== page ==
Justine Bateman, a filmmaker, former actress and author of two books, told the Copyright Office that A.I. models were taking content — including her writing and films — without permission or payment.

“This is the largest theft in the United States, period,” she said in an interview.

‘Scale Is All You Need’

how to cite an article law

In January 2020, Jared Kaplan, a theoretical physicist at Johns Hopkins University, published a groundbreaking paper on A.I. that stoked the appetite for online data.

His conclusion was unequivocal: The more data there was to train a large language model — the technology that drives online chatbots — the better it would perform. Just as a student learns more by reading more books, large language models can better pinpoint patterns in text and be more accurate with more information.

“Everyone was very surprised that these trends — these scaling laws as we call them — were basically as precise as what you see in astronomy or physics,” said Dr. Kaplan, who published the paper with nine OpenAI researchers. (He now works at the A.I. start-up Anthropic.)

“Scale is all you need” soon became a rallying cry for A.I.

Researchers have long used large public databases of digital information to develop A.I., including Wikipedia and Common Crawl, a database of more than 250 billion web pages collected since 2007. Researchers often “cleaned” the data by removing hate speech and other unwanted text before using it to train A.I. models.

In 2020, data sets were tiny by today’s standards. One database containing 30,000 photographs from the photo website Flickr was considered a vital resource at the time.

After Dr. Kaplan’s paper, that amount of data was no longer enough. It became all about “just making things really big,” said Brandon Duderstadt, the chief executive of Nomic, an A.I. company in New York.

Before 2020, most A.I. models used relatively little training data.

Mr. Kaplan’s paper, released in 2020, led to a new era defined by GPT-3, a large language model, where researchers began including more data in their models …

… much, much more data.

When OpenAI unveiled GPT-3 in November 2020, it was trained on the largest amount of data to date — about 300 billion “tokens,” which are essentially words or pieces of words. After learning from that data, the system generated text with astounding accuracy, writing blog posts, poetry and its own computer programs.

In 2022, DeepMind, an A.I. lab owned by Google, went further. It tested 400 A.I. models and varied the amount of training data and other factors. The top-performing models used even more data than Dr. Kaplan had predicted in his paper. One model, Chinchilla, was trained on 1.4 trillion tokens.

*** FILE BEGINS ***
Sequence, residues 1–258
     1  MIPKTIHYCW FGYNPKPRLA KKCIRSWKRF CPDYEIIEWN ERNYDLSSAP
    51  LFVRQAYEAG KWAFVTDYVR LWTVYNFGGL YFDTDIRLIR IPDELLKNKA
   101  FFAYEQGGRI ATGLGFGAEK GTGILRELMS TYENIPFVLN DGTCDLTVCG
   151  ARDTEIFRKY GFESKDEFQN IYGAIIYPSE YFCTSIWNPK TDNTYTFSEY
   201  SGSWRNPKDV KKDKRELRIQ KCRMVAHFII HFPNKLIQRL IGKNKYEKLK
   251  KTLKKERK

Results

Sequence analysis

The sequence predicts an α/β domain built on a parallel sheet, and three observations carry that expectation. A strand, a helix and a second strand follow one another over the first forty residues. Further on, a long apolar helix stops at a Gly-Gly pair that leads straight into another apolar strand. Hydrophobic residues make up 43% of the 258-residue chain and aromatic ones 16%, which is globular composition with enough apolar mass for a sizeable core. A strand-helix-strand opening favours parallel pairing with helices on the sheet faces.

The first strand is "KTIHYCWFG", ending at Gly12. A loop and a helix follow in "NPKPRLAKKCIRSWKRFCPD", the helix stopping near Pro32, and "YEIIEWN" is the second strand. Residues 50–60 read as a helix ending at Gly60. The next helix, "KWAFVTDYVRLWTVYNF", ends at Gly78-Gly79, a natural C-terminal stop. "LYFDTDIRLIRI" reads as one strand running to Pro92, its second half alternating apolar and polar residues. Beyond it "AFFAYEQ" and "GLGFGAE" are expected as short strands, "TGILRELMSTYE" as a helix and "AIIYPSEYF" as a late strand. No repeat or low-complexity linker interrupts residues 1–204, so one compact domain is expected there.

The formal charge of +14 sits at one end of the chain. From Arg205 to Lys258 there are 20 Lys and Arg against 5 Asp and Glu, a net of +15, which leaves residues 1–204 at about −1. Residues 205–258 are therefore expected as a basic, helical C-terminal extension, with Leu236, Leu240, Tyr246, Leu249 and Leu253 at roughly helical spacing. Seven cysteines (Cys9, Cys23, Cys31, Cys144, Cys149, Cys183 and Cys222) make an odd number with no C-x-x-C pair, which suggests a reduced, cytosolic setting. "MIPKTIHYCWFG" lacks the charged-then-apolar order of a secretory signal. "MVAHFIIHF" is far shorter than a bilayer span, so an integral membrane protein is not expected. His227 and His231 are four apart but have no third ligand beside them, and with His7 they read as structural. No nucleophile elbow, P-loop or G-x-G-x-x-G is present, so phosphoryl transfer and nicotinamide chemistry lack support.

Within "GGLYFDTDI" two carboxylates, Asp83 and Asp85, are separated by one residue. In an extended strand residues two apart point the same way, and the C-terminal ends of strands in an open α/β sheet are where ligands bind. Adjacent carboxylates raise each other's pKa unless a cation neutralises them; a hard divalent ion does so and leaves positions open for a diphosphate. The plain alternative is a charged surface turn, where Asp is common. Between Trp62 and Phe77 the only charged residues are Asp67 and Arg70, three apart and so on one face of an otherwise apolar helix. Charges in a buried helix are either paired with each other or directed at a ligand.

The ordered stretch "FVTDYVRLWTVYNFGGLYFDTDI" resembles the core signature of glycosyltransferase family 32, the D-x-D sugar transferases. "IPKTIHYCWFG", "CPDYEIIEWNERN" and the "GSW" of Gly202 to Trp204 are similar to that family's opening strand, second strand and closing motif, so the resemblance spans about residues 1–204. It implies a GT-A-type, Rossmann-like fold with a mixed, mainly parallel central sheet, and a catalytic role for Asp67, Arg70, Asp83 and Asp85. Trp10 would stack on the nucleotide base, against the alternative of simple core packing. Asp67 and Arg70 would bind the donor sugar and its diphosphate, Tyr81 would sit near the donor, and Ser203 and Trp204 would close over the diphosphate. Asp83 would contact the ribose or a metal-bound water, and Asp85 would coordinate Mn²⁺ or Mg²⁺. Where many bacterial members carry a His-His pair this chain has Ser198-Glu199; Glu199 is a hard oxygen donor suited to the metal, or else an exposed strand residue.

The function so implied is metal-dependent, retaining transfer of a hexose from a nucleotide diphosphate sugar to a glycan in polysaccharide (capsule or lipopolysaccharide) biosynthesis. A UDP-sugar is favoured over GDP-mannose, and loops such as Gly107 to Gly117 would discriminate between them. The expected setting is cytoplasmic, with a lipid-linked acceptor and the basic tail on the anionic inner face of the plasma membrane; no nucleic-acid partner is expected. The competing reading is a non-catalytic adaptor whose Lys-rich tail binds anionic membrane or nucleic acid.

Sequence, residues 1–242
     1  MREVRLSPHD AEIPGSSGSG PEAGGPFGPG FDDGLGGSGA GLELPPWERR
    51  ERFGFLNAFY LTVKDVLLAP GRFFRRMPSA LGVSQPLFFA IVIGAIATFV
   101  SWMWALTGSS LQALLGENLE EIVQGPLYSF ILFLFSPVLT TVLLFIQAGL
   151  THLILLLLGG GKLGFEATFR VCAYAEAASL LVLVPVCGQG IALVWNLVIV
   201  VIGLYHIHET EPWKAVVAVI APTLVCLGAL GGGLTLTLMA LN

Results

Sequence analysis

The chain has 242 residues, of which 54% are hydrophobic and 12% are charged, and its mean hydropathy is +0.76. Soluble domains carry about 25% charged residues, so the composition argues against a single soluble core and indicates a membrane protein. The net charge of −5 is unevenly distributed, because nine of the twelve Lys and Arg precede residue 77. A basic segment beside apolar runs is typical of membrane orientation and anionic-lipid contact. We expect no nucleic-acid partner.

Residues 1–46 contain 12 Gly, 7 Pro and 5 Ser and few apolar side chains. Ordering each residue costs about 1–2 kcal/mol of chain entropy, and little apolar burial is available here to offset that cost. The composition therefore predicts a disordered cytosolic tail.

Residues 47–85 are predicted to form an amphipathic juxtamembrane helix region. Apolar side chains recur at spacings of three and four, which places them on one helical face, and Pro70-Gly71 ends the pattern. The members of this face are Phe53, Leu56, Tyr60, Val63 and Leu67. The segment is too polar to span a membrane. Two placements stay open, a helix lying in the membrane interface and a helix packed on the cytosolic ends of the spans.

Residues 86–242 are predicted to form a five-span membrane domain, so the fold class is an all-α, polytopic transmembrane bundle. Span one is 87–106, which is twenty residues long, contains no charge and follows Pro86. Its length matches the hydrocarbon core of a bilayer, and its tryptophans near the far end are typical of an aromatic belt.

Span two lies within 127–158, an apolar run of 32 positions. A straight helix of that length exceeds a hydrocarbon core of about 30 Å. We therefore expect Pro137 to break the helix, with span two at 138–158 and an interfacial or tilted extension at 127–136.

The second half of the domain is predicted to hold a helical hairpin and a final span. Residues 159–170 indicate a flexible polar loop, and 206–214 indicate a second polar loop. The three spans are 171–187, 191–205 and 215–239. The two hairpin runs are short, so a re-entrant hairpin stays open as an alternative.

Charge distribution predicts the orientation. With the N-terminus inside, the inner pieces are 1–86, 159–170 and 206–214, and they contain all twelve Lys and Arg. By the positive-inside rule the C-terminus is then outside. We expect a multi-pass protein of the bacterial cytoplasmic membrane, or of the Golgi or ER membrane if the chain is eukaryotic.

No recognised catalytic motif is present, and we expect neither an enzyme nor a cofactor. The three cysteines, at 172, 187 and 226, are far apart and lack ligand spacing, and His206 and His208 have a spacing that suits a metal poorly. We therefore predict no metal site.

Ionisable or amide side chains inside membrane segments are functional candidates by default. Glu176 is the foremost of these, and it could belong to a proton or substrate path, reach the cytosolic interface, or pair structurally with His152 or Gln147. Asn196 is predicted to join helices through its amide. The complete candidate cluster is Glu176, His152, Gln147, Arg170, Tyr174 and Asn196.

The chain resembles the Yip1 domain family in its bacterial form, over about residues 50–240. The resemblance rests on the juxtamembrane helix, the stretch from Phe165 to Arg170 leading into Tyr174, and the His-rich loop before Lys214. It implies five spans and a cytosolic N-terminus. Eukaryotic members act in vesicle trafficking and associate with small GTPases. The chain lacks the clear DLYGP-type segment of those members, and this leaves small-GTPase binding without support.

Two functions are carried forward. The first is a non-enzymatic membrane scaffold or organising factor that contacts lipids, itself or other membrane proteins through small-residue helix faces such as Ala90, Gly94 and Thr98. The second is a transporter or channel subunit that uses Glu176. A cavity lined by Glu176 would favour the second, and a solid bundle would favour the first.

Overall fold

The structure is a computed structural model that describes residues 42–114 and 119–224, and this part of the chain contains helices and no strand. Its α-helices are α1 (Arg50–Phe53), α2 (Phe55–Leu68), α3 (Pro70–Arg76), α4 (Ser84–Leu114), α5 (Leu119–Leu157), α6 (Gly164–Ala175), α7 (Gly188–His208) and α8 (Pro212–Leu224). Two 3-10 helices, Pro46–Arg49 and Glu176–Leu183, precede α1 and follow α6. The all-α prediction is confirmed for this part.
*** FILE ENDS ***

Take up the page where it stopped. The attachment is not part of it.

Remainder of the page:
It was soon overtaken. Last year, researchers from China released an A.I. model, Skywork , which was trained on 3.2 trillion tokens from English and Chinese texts. Google also unveiled an A.I. system, PaLM 2 , which topped 3.6 trillion tokens .

Transcribing YouTube

In May, Sam Altman , the chief executive of OpenAI, acknowledged that A.I. companies would use up all viable data on the internet.

“That will run out,” he said in a speech at a tech conference.

Mr. Altman had seen the phenomenon up close. At OpenAI, researchers had gathered data for years, cleaned it and fed it into a vast pool of text to train the company’s language models. They had mined the computer code repository GitHub, vacuumed up databases of chess moves and drawn on data describing high school tests and homework assignments from the website Quizlet.

By late 2021, those supplies were depleted, said eight people with knowledge of the company, who were not authorized to speak publicly.

OpenAI was desperate for more data to develop its next-generation A.I. model, GPT-4. So employees discussed transcribing podcasts, audiobooks and YouTube videos, the people said. They talked about creating data from scratch with A.I. systems. They also considered buying start-ups that had collected large amounts of digital data.

OpenAI eventually made Whisper, the speech recognition tool, to transcribe YouTube videos and podcasts, six people said. But YouTube prohibits people from not only using its videos for “independent” applications, but also accessing its videos by “any automated means (such as robots, botnets or scrapers).”

OpenAI employees knew they were wading into a legal gray area, the people said, but believed that training A.I. with the videos was fair use. Mr. Brockman, OpenAI’s president, was listed in a research paper as a creator of Whisper. He personally helped gather YouTube videos and fed them into the technology, two people said.

Mr. Brockman referred requests for comment to OpenAI, which said it uses “numerous sources” of data.

Last year, OpenAI released GPT-4, which drew on the more than one million hours of YouTube videos that Whisper had transcribed. Mr. Brockman led the team that developed GPT-4.

Some Google employees were aware that OpenAI had harvested YouTube videos for data, two people with knowledge of the companies said. But they didn’t stop OpenAI because Google had also used transcripts of YouTube videos to train its A.I. models, the people said. That practice may have violated the copyrights of YouTube creators. So if Google made a fuss about OpenAI, there might be a public outcry against its own methods, the people said.